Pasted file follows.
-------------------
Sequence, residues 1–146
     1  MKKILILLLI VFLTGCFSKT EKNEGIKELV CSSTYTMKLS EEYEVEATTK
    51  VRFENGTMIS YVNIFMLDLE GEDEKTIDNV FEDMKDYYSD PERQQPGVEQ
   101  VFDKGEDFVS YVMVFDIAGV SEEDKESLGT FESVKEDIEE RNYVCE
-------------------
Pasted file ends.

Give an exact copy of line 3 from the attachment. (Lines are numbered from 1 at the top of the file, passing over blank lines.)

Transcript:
    51  VRFENGTMIS YVNIFMLDLE GEDEKTIDNV FEDMKDYYSD PERQQPGVEQ